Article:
This report from UK think tank the IFS looks at the implications of COVID-19 for childcare providers in England.
The closures of childcare providers to most families during the COVID-19 crisis have underlined the importance of access to childcare, both to support paid work and to help shape young children’s environment. However, the crisis has had severe consequences for the finances of childcare providers, which were already weak in several parts of the sector going into the crisis. Despite a range of government support programmes, many providers lost income during lockdown. In the medium term, a longer-lasting fall in demand for childcare or an increase in costs related to social distancing could seriously hamper financial sustainability in the sector going forward.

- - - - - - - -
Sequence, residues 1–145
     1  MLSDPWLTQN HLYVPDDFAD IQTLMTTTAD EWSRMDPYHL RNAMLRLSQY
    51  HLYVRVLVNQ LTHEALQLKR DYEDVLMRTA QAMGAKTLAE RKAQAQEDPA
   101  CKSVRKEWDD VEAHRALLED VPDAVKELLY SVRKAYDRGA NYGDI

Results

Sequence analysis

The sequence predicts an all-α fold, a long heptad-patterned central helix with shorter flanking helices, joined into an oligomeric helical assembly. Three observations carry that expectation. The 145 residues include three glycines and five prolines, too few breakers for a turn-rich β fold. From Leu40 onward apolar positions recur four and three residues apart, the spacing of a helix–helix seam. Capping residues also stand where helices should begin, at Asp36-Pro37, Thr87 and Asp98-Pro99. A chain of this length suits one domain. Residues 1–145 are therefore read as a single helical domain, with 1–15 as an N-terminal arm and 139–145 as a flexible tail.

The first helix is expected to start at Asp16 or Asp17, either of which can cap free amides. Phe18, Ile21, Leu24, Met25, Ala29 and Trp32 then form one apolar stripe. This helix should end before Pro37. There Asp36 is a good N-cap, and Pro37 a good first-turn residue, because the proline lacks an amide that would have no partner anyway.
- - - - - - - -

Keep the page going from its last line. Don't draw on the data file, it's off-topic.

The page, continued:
In this report, we assess the consequences of the pandemic – and the resulting public health response – for the finances of early years childcare providers. The pandemic has hit demand for childcare hard: during the lockdown, when only vulnerable children and those with key worker parents were able to access childcare, fewer than 250,000 children aged 0 to 4 were attending childcare on a given day, compared to around 1.4 million before the pandemic. Since June, the sector has been allowed to serve all children in England, but even before the summer holidays, take-up peaked at 420,000 children.
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